Firing a coach is never a good thing. It’s represents the need to do better than what has been done, and Georgia athletic director Greg McGarity had no choice but to fire Mark Fox and find someone else.
This was a no-brainer, regardless of what John Calipari, Jay Bilas and others said to try to make firing Fox seem like a bad decision. It had to happen. Fox is a good coach, but he’s just not been successful enough to keep for a 10th season. He had his chance. It’s just time.
With the mess going on in college basketball, it’s easy to appreciate how Fox ran the Georgia program and leap praise on him. Sure, many other programs obviously are doing bad things to attract talent. Saying Fox should have stayed because he ran a clean program, despite his mediocre record, implies he’s the only coach in America who doesn’t cheat. That’s not true. There are others who are doing things the right way who might be better in Athens than Fox.
Georgia went to the NCAA tournament twice in Fox’s nine seasons. In his previous job at Nevada, he went three times in five years as head coach. Nevada won at least 20 games in each of Fox’s seasons in charge, but in Athens it happened only four times. Fox was brought to Athens to do what he did out west. It just hasn’t happened.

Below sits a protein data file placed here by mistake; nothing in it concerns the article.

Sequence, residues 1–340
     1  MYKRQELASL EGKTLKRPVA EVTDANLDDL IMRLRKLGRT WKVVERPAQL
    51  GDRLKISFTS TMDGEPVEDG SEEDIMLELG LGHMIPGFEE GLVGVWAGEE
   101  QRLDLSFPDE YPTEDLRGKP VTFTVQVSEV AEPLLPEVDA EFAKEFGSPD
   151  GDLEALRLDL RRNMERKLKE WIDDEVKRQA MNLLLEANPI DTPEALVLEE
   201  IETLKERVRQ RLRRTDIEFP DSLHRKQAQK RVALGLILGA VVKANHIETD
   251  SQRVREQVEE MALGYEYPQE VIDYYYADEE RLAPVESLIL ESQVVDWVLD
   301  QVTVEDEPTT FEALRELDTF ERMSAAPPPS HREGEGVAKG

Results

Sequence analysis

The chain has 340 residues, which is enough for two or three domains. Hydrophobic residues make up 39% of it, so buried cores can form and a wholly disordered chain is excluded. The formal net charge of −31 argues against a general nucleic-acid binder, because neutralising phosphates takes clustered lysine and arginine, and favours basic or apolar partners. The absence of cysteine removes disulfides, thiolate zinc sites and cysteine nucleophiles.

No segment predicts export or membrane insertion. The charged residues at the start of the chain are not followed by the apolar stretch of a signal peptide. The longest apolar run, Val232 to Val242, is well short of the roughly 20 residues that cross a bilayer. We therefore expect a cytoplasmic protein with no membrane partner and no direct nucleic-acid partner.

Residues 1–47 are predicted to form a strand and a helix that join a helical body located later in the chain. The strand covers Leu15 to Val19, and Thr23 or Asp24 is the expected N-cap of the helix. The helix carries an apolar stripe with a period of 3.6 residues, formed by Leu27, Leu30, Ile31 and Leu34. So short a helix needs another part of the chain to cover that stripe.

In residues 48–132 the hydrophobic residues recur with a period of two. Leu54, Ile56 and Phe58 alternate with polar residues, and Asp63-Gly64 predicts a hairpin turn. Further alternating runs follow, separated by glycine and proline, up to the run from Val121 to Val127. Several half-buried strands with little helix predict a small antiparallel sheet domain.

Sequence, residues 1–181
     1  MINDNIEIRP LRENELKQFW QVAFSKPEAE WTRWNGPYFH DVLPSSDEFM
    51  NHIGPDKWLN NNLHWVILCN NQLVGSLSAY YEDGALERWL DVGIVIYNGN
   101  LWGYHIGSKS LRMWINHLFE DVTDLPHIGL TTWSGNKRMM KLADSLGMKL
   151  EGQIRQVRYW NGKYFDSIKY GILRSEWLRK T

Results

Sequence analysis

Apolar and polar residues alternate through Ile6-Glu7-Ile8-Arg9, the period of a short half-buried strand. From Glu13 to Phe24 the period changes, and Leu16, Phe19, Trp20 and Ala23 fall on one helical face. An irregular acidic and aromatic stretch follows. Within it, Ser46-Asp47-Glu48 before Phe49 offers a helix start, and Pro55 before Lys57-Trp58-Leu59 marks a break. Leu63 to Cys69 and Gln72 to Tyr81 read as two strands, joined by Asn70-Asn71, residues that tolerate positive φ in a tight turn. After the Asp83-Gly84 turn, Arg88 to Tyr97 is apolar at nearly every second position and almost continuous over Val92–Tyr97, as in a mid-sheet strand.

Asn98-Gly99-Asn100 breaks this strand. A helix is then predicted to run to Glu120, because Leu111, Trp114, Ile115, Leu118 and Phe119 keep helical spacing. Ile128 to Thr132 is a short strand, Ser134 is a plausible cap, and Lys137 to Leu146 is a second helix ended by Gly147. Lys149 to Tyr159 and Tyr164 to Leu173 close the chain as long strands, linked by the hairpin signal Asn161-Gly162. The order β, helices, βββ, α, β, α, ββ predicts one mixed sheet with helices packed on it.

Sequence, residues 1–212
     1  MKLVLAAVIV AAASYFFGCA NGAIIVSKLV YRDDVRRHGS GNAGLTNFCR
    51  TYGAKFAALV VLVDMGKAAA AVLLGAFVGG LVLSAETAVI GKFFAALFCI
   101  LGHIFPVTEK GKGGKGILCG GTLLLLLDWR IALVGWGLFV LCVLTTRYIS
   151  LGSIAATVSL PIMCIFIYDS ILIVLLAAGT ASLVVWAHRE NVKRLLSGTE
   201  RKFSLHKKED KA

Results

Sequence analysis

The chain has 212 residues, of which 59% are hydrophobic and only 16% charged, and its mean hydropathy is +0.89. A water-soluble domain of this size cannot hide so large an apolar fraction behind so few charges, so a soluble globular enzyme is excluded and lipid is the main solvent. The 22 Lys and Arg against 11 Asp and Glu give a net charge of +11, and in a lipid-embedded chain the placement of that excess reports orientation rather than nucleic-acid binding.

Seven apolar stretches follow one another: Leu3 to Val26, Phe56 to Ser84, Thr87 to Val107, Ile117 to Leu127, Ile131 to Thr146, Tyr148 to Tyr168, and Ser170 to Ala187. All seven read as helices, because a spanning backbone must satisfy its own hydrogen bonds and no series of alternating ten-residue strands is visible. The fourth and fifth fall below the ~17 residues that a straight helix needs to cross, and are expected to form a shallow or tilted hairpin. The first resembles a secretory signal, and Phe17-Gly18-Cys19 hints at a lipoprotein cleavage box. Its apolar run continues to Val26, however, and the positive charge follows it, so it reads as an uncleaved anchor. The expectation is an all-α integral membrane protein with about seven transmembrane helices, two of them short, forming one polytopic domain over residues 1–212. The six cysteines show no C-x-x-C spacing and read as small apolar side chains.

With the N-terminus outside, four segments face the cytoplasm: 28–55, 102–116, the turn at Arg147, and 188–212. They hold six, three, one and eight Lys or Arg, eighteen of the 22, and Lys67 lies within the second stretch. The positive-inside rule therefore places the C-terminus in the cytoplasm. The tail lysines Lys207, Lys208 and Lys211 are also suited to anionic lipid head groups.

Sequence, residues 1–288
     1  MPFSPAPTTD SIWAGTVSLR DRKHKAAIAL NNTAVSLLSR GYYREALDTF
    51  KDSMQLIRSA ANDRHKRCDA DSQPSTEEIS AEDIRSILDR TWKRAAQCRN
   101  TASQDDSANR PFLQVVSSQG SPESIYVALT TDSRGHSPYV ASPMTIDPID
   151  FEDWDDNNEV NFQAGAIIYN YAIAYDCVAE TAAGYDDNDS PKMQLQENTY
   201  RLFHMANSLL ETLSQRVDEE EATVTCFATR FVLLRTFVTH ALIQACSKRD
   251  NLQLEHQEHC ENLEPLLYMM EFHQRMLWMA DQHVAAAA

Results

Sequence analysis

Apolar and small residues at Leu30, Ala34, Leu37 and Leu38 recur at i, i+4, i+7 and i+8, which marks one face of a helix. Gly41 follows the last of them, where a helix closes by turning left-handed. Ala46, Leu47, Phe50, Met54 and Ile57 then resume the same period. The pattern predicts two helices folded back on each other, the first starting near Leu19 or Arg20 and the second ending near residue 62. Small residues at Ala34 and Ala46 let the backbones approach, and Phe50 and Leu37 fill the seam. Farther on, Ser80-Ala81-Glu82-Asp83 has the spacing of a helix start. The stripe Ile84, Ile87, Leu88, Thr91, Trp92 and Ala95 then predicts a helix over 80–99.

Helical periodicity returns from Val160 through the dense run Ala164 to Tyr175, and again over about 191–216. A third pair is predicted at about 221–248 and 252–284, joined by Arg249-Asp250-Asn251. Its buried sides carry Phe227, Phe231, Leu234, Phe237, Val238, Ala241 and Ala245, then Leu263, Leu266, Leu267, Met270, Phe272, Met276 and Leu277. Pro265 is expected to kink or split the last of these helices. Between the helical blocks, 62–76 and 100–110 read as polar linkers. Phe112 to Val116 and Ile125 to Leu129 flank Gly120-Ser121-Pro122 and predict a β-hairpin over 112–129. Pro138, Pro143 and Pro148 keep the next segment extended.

His SEC record was enough to warrant a change. Fox was 77-79 in the conference. That’s a losing record and was unacceptable. If a coach can’t win in his own conference, he shouldn’t be the coach any longer, especially after nine seasons.
Look, no one is asking for a NCAA championship for this program. It would be nice, but it’s not the same requirement that was asked of Kirby Smart when he took over the Georgia football team. The expectation is that Smart should give Georgia a great chance to win it all in football. But in basketball, the simple request should be that it be better than this.
Fox seems like a good man and is a good coach. It’s not like he’s Ron Jirsa, who was bad and overwhelmed as a young coach 20 years ago, or Jim Harrick, who got Georgia in NCAA trouble with an academic scandal. Fox was better than Dennis Felton, who for six years prior to the Fox era had a losing record. Although Felton did win a SEC Championship, something Fox never even came close to playing for.
With the basketball talent in this state, Georgia should be better. Over a nine-year span, this program should be in the NCAA tournament more than twice and should win 20 games more than four times. That’s what it’s done, and now someone will be brought in to try and do better.
Picking Fox’s replacement will be McGarity’s biggest decision as AD. He was told to fire Mark Richt and hire Smart by big financial donors. This is McGarity’s call. He can’t afford to mess it up, or the heat on him will only get hotter.
Fox had nine years to make Georgia basketball better and relevant. Being better than his predecessor was not enough. He needed to make it better than it has been to keep up with an improving SEC, and it just didn’t happen.
He had one of the SEC’s best players (Yante Maten) this year, a roster many believed was one of his best and the team underperformed. Again. He’s had talented players, but he just didn’t win enough. Wins are what judge a team’s performance, regardless of how clean a program is run.
Georgia will thank Fox for his nine years of service, but it’s just time to move on. Let’s hope McGarity doesn’t invite Fox to the press conference explaining the decision. That didn’t work the last time.
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